Objective: To test the efficacy of the TwoDay Method, a new fertility awareness-based method of family planning that provides women with simple instructions to identify the days each cycle when they are most likely to become pregnant. Users avoid unprotected intercourse on days when cervical secretions are present on that day or on the day before, to prevent pregnancy.
Design: Prospective, nonrandomized, multicenter study.
Setting: Five culturally diverse sites in Guatemala, Peru, and the Philippines.
Patient(s): Four hundred fifty women, aged 18-39 years, wishing to use a fertility awareness-based method to prevent or delay pregnancy.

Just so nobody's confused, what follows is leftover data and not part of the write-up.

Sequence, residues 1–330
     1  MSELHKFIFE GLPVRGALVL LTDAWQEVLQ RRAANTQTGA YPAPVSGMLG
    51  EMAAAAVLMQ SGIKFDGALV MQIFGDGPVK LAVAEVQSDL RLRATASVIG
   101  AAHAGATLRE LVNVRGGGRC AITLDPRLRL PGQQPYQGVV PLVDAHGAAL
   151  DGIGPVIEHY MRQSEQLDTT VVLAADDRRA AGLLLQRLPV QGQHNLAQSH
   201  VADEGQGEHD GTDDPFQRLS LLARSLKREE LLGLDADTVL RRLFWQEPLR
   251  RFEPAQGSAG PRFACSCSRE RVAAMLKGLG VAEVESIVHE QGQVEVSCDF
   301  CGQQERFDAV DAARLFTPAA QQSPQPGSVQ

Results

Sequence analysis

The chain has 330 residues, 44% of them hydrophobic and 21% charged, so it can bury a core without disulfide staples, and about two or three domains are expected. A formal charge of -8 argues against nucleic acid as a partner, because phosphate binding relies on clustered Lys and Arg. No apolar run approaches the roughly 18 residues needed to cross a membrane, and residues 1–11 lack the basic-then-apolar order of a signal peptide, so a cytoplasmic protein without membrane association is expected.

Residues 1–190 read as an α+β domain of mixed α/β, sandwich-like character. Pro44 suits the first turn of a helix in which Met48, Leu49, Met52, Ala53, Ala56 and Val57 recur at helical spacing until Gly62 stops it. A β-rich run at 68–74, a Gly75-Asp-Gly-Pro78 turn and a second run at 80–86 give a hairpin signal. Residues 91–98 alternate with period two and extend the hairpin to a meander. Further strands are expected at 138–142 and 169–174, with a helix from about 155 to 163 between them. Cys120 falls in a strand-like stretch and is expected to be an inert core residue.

Intervention(s): Study participants were followed for up to 13 cycles of method use.
Main outcome measure(s): Life table pregnancy rate.
Result(s): The first-year pregnancy rate was 3.5 (pregnancies per 100 women/years) with correct use of the method (pregnancies and cycles with no intercourse on identified fertile days), 6.3 with use of a backup method on the fertile days, and 13.7 including all cycles and all pregnancies in the analysis.
Conclusion(s): The TwoDay Method offers a valuable addition to the services that reproductive health and other programs can offer. Its efficacy compares well with that of other coitus-dependent family-planning methods; it is easy to teach, learn, and use; and it can address the need of women for simple, accurate instructions for identifying their fertile days.